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May 2015

Hedge Ratio and Hedging Horizon: A Wavelet Based Study of Indian Agricultural Commodity Markets

Dr. Irfan ul Haq[1]

Abstract

In India the history of commodity derivatives market has a long history, though a structured and exchange traded derivative trading is not more than a decade long. The derivatives market is established for the main purpose of hedging the price risk. Since the inception of derivatives, the concern of how much to hedge technically called the hedge ratio is widely debated and discussed. In present paper, we has empirically estimated the hedge ratio using three different methodologies viz. OLS, ECM and WAVELET Approach for ten agricultural commodities traded on NCDEX platform. The results witnessed reveal that wavelet hedge ratio is comparatively larger than OLS and ECM, and as we go on increasing the hedging horizon hedge ratio increases.    

Keywords: Derivatives, Price risk, Hedging horizon      

1. Introduction

Futures market has an important function of hedging the price risk faced by producers, traders and other stake holders. The concept of Hedging strategy is based on compensating anticipated spot market losses with the gains from the futures market. In order to execute hedging strategy one has to take opposite position in futures market with respect to the position in spot market.

 

Most studies in hedging are related to hedge ratio. It is either estimation of optimal hedge ratio or optimal hedge ratio derivation based on certain objective functions. The derivation is mostly based on maximization of expected utility or minimization of return variance. The empirical estimation of hedge ratio varies in terms of different methodologies used. The present study focuses on estimating the optimal hedge ratio based on tradition and new wavelet methodology to find out the optimal hedge ratio for different time horizons.

The estimation of optimal hedge ratio generally differs in the methodologies used. The most common methodologies vary from simple ordinary least square (e.g Ederington, 1979, ; Malliaris & Urrutia, 1991; Benet, 1992) to more complex ones like ARCH and GARCH methods (Cecchetti, Cumby, & Figlewski, 1988;  Baillie & Myers, 1991; Sephton, 1993) , Cointegration Method (Ghosh, 1993; Lien & Luo, 1993; Geppert, 1995; Chou, & Lee, 1996), the random coefficient method (Grammatikos & Saunders, 1983) , cointegration - heteroscadestic method (e.g., see Kroner & Sultan, 1993) and wavelet method (Lien and Shrestha,20007).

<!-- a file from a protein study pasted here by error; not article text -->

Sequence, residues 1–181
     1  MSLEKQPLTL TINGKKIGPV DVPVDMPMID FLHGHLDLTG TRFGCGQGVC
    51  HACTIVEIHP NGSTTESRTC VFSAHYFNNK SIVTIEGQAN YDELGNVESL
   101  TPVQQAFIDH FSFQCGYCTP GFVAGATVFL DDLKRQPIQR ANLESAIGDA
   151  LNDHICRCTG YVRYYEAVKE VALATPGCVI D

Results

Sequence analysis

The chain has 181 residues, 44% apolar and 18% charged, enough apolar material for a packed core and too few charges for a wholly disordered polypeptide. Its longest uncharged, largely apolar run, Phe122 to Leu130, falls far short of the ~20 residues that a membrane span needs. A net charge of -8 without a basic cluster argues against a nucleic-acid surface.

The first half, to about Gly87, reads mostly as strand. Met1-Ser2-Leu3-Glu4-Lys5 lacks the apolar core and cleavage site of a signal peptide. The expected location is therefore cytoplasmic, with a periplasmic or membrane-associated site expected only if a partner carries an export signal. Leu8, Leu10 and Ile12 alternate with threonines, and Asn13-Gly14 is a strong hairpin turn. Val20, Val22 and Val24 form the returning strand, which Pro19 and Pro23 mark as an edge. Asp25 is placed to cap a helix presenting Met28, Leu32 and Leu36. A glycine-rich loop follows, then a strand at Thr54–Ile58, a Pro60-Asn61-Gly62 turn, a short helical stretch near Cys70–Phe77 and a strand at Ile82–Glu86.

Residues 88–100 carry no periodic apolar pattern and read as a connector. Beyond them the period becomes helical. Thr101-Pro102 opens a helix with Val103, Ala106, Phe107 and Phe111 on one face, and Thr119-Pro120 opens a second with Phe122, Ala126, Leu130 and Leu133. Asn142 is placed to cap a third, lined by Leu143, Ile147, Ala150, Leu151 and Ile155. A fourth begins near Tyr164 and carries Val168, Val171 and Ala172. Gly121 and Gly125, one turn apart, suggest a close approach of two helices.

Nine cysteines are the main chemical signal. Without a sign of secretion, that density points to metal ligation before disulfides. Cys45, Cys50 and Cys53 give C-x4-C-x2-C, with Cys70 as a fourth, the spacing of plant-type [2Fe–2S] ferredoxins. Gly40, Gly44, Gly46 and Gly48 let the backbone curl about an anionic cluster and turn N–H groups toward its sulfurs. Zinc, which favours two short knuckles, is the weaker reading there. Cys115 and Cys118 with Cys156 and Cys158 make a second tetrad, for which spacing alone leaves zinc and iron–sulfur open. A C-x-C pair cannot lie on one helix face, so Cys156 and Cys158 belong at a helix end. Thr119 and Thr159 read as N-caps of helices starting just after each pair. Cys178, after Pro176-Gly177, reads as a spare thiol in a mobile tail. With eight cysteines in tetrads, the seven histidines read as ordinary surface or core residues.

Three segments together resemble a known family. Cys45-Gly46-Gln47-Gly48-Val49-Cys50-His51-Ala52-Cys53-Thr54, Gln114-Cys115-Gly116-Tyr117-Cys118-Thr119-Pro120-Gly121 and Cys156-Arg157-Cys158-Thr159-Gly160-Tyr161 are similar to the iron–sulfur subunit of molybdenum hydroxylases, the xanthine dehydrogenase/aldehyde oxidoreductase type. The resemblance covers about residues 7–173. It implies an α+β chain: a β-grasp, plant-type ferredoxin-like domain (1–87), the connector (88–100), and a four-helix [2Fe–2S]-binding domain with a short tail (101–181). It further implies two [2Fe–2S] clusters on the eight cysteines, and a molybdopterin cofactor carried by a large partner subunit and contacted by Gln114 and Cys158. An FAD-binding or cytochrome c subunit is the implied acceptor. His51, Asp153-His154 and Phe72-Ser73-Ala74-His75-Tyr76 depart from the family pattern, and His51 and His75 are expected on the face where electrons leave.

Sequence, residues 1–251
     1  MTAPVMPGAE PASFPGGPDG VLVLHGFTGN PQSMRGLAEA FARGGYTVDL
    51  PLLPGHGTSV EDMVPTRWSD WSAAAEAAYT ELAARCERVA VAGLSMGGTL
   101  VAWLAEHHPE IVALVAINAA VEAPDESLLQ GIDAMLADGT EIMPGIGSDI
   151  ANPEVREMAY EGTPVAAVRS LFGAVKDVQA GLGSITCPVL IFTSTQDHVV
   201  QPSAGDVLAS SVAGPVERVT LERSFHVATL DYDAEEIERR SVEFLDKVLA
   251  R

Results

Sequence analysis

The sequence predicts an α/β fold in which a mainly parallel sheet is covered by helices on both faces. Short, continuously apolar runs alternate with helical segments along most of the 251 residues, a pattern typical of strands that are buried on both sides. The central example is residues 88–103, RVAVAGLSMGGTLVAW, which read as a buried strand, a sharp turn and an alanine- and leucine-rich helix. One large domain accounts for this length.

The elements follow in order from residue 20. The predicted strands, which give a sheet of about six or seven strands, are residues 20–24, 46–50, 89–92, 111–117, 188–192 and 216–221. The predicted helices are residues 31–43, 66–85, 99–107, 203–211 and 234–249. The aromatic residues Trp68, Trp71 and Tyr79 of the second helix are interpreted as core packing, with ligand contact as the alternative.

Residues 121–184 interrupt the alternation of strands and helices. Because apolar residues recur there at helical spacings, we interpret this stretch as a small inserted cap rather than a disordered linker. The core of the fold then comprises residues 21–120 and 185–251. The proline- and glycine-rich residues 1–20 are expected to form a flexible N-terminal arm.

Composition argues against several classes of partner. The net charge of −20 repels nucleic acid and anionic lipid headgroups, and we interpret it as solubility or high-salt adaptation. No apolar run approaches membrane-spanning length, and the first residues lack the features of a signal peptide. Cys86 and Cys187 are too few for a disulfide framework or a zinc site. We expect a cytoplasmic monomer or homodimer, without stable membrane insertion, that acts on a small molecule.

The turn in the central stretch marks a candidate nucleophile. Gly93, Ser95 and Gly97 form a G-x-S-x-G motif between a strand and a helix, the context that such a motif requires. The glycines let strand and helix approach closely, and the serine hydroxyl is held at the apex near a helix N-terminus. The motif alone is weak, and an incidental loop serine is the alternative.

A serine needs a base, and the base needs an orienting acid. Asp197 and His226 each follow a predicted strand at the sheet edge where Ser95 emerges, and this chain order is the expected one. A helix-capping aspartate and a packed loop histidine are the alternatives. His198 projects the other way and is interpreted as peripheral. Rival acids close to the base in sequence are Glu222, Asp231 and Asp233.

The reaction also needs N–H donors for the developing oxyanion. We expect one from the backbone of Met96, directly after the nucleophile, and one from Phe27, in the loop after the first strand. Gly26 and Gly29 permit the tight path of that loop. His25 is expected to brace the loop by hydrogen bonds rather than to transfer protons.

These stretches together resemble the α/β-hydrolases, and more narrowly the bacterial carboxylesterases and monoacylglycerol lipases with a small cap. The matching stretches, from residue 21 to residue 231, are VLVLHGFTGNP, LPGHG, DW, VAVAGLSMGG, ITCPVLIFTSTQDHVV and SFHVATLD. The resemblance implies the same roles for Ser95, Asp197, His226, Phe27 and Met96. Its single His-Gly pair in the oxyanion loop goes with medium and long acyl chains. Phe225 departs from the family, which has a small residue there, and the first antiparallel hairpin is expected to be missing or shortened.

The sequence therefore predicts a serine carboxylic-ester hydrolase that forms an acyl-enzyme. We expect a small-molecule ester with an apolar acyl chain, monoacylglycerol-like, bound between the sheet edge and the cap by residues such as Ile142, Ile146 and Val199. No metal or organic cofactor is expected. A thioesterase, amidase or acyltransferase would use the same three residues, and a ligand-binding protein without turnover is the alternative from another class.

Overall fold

However, the problem with most of the empirical studies is they ignore the hedging horizon which is different for different participants in the market. With the increase in hedging horizon the optimal hedge ratios tends to increase as witnessed by many researchers[2].  In this article, we have decomposed the original time series of futures and spot prices into different horizons using wavelet methodology. The advantage with wavelets is that the sample size is not reduced while matching the hedging horizon and data frequency.

2.Methodology

Hedge ratio is defined as the ratio of value of futures contracts to the value of the underlying asset. Optimal hedge ratio is the ratio that eliminates or minimizes the price risk. While hedging through the identical asset as underlying, the number of contracts that are booked to cover the long or short positions is equal to the exposure in the underlying asset. In such a case it is implicitly set the hedge ratio equal to one, which is regarded as optimum.

 

The optimum hedge ratio (value of futures contracts to the value of the underlying asset) is dependent upon the degree of correlation between the spot prices and the futures prices. For a hedge through futures the optimum hedge ratio is that ratio which minimizes the risk of the combined portfolio of the underlying and the futures.